Anyone dealing with guilt and depression after an abortion may find spiritual comfort at a Rachel’s Vineyard retreat.
Rachel’s Vineyard grew out of therapeutic support groups created for women dealing with post-abortion stress. The groups were started in 1986 by Dr. Theresa Karminski Burke, a family practice physician in Florida. She later helped develop a format for weekend retreats in the mid-1990s.
Through grassroots organizing, Rachel’s Vineyard retreats spread across the country and became a ministry of Priests for Life in 2003.
The program has now grown to 600 retreats annually, in 47 states and 17 countries.
Rachel’s Vineyard weekends have been held in South Carolina since 2005. Christy Brown is a coordinator for the Diocese of Charles ton.
The three-day healing process offers a chance for participants to work with trained leaders and a priest in a closed, confidential environment. A priest attends and celebrates Mass, the sacrament of reconciliation and speaks with participants about their spiritual needs.
Many who attend are confused not only about how to go on with their lives, but about their relationship with God and the church.
“Many of the Catholic women think they’re excommunicated because of the abortion in their past,” said Kathy Schmugge, diocesan coordinator of the Office of Family Life. “A lot of them haven’t felt able to talk to a priest about their struggle.”
“It takes heroic, huge steps for some of the women to even make it to the retreat,” Brown said. “They will say ‘I was scared to come because I thought everybody was going to condemn me.’ They’re surprised when they see that’s not what goes on.”
Brown trained to work with interdenominational Rachel’s Vine yard groups in Missouri, and learned how to hold Catholic retreats after moving to the Indianland community outside Rock Hill in 2005.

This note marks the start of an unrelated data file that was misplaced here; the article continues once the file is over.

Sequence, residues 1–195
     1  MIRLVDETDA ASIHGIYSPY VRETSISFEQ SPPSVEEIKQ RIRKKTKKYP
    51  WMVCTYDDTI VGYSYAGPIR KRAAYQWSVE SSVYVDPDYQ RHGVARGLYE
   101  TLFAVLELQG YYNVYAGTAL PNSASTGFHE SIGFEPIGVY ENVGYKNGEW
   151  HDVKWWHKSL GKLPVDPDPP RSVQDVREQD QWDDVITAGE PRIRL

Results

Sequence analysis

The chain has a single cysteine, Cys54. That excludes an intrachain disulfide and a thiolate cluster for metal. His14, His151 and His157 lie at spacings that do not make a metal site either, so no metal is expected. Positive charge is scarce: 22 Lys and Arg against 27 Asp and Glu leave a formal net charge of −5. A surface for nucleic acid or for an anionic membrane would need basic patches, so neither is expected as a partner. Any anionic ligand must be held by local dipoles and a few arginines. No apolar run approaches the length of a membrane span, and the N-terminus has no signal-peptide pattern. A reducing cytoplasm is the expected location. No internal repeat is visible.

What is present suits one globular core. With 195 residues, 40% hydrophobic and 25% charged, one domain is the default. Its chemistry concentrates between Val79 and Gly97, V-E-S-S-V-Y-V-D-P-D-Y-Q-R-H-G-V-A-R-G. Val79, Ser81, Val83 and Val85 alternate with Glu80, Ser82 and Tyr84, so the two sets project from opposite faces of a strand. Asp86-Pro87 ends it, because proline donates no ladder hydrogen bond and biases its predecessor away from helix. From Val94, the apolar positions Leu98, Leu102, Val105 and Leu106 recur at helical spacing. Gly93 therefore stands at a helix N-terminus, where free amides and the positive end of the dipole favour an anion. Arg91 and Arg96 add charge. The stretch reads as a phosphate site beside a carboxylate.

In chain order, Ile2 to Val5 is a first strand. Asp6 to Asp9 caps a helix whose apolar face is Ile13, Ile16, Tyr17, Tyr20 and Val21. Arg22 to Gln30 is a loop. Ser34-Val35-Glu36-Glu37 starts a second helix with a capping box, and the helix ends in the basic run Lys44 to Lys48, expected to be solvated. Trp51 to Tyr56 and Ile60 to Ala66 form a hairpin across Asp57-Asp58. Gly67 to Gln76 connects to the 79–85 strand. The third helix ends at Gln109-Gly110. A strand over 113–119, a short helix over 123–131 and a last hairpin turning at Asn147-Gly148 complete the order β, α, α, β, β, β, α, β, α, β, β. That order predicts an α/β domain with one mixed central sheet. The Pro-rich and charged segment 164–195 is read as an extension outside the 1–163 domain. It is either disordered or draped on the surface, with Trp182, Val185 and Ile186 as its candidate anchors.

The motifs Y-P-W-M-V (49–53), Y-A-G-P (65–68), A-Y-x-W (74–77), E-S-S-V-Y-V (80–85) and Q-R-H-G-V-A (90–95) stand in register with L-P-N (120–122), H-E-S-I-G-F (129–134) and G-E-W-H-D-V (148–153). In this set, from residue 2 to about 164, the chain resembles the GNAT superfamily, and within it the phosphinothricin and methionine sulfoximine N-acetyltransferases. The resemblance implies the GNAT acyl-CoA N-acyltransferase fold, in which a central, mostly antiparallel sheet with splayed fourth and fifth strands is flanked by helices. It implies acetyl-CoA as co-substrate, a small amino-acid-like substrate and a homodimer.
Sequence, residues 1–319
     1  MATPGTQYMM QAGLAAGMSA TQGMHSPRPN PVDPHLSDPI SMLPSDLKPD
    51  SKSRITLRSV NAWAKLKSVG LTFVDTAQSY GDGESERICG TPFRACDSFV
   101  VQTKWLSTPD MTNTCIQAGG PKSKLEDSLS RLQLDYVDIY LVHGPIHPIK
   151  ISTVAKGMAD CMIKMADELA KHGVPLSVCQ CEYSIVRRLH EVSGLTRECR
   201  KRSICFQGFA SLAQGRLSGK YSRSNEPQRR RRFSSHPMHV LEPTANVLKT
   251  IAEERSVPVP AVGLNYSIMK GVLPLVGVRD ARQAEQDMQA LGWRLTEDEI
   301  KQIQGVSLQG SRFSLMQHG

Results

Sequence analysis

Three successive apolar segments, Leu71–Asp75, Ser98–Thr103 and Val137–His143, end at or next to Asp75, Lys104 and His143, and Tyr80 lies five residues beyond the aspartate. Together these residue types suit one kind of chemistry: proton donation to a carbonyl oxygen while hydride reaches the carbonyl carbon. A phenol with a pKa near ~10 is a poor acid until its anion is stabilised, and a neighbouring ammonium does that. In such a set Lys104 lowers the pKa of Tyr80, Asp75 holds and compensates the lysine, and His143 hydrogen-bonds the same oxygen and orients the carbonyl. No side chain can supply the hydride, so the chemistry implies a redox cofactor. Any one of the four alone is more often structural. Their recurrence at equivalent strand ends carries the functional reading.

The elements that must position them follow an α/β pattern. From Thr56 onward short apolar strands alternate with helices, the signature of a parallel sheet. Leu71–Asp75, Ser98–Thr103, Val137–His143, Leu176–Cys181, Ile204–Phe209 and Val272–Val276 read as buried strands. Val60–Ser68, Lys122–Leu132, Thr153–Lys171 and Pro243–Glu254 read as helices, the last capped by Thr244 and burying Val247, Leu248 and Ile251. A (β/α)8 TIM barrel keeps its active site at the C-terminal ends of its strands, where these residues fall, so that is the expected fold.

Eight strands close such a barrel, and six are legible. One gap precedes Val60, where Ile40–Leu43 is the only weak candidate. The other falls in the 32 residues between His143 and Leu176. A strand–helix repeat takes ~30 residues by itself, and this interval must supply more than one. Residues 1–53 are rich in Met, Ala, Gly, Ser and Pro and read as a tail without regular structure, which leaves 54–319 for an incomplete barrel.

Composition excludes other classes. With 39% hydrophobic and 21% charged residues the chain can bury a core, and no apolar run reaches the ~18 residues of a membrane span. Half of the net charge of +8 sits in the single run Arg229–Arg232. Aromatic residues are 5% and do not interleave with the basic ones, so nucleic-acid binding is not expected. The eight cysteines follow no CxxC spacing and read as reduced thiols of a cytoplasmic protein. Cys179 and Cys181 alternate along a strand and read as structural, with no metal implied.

She said she became interested in the retreats through her work with the pro-life community in Jefferson City, Mo., adding that she has always had a special interest in helping post-abortive women deal with emotional trauma.
The diocese offers three retreats a year in Charleston, Rock Hill, and the Greenville area.
“The word I want to use for what they seek is closure, although that seems like a harsh word when you think about abortion,” Brown said. “They seek forgiveness and peace. There’s a memorial service during the retreat that offers some closure for the participants so they’re able to function and go forward in life. A lot of these women stop functioning as a person and go into this deep grief cycle and don’t know what’s wrong with them. They figure out they need help, and that’s when we get them.”
Brown said the retreats attract women of all ages, from a wide variety of ethnic, cultural and economic backgrounds.
“Some of the abortions happened up to 30 years ago, though we’ve had others that attend as soon as a year after the abortion,” Brown said. “Thirty years is a long time to be hiding and feeling guilty.”
Though the diocese uses a Catholic curriculum, the retreats are open to all. Brown said some have drawn only non-Catholic participants. The material, hymns and prayers are designed to help all participants.
Some men have attended Rachel’s Vineyard retreats, although the majority of attendees are women.
“This is a weekend for people who are post-abortive and who need help, peace, forgiveness and love,” Brown said. “This is for people who want to go on with their lives and survive. You can’t really get over it, but you remember with less pain.”
The next Rachel’s Vineyard retreat is scheduled for Feb. 6-8 at The Oratory in Rock Hill. Shuping will be the facilitator.
To learn more about Rachel’s Vineyard Ministries, visit their Web site at www.rachelsvineyard.org.
For more information or to reserve space at a retreat, call (803) 554-6088 or e-mail email@example.com. All inquiries are anonymous.
For immediate assistance call Christy Brown at (803) 554-6088; Kathy Schmugge at (803) 546-6010; or (877) HOPE-4-ME. All calls are confidential.
See also: Psychiatrist links mental health disorders to abortion.